USUS FRUCTUS ABUSUS

Gloria Oyarzabal

2019 - Ongoing

Tervuren, Flanders, Belgium; Madrid, Spain; Cairo, Muḩāfaz̧at al Qāhirah, Egypt; Barcelona, Catalonia, Spain

In Roman law,ownership was defined as the absolute full enjoyment over an object or corporeal entity.The USUS was the right that the holder had to make use of the object according to its destination or nature,FRUCTUS was the right to receive the fruits,ABUSUS was the right of disposition based on the power to modify,sell or destroy the object or given entity.Property was perpetual,absolute and exclusive.Based on the concept of property,a two-voice dialogue is proposed,in which questions of spoliation, race and gender are addressed.

The concept of museum was born more than 300 years ago,when the collections of certain monarchs,kings or emperors were opened to the public,being since then institutions that give identity and define a nation.But if the origin of these spaces is colonialist,History,knowledge making,ethics,collective and individual memory come into conflict.A review of the relationship between anthropology and museum collections from a colonial past largely plundering,its historicity and historiography,excused behind a concern for discovery almost always with a "saving" spirit,leads to the conclusion that for decades they’ve reinforced exoticism and distinction,intrinsically related to supremacist discourses.Museums as creators of imaginaries,as institutions that aren’t and have never been a neutral or beneficial holder/exhibitor of objects and artifacts.They are a powerful tool for instilling respect,changing prejudices and revising history.Or dangerously the opposite.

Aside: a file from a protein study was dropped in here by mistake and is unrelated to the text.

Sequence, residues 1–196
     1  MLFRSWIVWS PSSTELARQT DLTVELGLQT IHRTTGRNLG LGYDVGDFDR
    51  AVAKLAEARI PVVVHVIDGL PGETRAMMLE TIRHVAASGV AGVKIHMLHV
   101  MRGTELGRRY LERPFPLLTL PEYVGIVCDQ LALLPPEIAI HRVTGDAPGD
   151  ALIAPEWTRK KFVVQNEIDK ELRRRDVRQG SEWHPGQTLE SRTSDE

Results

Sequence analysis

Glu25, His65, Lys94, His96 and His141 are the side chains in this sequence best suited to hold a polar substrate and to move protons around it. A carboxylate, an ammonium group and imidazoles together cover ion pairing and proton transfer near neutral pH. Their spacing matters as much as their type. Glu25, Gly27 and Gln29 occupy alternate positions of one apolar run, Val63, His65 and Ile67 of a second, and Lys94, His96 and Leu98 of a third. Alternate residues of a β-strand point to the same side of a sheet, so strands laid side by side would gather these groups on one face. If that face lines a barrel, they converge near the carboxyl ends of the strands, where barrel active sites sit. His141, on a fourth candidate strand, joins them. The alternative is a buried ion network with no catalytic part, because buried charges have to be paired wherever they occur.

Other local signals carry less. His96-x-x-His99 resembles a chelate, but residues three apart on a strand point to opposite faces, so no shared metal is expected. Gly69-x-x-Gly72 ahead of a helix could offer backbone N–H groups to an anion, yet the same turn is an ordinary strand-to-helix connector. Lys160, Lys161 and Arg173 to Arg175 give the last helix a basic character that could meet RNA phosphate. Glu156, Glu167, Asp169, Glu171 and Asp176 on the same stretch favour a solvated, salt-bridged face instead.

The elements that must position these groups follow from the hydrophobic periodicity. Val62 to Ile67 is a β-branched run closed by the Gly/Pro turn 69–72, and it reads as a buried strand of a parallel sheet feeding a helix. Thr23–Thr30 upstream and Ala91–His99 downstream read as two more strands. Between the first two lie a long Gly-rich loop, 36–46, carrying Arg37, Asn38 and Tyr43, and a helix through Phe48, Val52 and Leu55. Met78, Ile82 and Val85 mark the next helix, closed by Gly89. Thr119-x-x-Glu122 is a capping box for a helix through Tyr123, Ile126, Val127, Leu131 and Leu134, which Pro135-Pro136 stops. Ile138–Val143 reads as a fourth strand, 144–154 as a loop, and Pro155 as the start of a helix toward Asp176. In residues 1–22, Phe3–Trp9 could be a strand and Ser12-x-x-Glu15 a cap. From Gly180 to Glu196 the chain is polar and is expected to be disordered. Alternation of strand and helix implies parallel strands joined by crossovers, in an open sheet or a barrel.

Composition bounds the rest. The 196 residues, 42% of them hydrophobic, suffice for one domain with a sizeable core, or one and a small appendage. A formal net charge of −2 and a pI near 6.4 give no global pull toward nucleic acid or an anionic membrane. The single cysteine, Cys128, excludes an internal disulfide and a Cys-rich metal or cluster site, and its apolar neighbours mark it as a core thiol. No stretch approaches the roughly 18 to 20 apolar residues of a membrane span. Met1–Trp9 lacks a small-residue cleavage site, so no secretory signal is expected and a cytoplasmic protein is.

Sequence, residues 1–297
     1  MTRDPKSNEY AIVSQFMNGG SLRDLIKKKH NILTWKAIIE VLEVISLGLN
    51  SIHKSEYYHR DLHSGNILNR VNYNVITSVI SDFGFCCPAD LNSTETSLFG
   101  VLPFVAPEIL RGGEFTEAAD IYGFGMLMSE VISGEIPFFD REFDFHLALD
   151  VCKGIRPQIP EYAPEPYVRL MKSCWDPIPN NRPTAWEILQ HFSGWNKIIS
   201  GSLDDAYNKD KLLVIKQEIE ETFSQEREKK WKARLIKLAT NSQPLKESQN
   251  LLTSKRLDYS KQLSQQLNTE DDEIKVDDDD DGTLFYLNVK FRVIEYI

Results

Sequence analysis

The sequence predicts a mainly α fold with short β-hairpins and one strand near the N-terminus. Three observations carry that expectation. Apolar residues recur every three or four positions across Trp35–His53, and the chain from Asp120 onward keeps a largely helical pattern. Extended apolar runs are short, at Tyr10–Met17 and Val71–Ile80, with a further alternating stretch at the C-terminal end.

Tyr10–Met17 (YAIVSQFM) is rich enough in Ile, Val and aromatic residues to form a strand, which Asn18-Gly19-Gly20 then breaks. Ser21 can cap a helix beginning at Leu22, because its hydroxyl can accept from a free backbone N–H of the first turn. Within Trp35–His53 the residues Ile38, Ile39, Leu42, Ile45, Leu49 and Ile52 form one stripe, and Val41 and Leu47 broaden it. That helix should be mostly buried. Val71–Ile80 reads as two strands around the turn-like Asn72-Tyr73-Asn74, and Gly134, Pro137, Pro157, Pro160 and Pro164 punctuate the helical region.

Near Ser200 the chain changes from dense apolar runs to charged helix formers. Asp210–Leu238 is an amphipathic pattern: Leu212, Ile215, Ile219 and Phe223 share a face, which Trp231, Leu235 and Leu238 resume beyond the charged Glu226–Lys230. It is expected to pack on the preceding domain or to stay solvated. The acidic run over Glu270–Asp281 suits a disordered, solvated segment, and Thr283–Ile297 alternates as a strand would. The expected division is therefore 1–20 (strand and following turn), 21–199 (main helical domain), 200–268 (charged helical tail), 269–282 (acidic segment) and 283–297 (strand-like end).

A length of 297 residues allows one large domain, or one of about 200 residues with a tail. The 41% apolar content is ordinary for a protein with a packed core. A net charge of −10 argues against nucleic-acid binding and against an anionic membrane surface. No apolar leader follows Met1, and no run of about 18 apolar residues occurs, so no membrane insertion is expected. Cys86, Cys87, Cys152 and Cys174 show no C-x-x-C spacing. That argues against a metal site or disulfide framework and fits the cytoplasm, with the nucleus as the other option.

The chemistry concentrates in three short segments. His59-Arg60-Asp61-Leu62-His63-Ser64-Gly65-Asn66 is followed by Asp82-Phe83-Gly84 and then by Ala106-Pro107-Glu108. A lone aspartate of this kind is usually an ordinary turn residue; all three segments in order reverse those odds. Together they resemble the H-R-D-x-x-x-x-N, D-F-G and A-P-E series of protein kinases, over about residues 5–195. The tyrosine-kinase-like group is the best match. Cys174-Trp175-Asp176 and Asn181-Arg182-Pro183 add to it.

The colonization of the concept of woman:the responsibility for the risky representation of black women in the history of Western painting,the position of white women and black women,the relationship of the African woman's body and identity to the colonist that leads to perpetuating stereotypes,exoticization,cultural appropriation,difference,etc. ...

Key concepts of feminist thought –home,sisterhood,experience,community- point the way to a feminism without borders,fully engaged with the realities of a transnational world.

Return what has been plundered and looted,both in terms of objects and identity,is it an urgent,universal and feasible question for everyone?Ownership,restitution,reparation,recontextualization,.... who has agency to give,return,adjudicate,rename?

From a dialogue of images, pairs are created in search of a visual narrative. Photos of museum showcases, details of archival images, of the dancers of a choreography ... all printed in large format on fluid, thin and semitransparent fabric, mounted on a modular structure as an articulated screen. They are hung facing each other on the back, creating superimpositions against the light, giving each diptych another narrative layer.

As a starting point the painting La Blanche et la Noire by the French-Swiss painter Félix Vallotton (1913, Hahnloser Foundation collection, Villa Flora in Winterthur, Switzerland). A painting inspired by Manet's Olympia and Ingres' Odalisque à l'esclave, it depicts the Sapphic love between a sylph and a black woman. Unlike his predecessors, Vallotton gets rid of all exotic references. A two-voice dialogue emerges between two women reflecting on gender, race, stereotypes, cultural appropriation, exotization and colonialism.

Starting with a recreation that was as faithful to the original as possible, moving on to different situations in which I played with different props , situations and positions, to end up in a more contemporary reflection in which they read books such as "Afrotopia" by Felwine Sarr (co-creator with Benedict Savoy of the report commissioned by French President Macron on the issue of looted objects in French museums, notably the Quay Branly Museum in Paris) or "Loot: Britain and the Benin Bronzes" by Barnaby Phillips.

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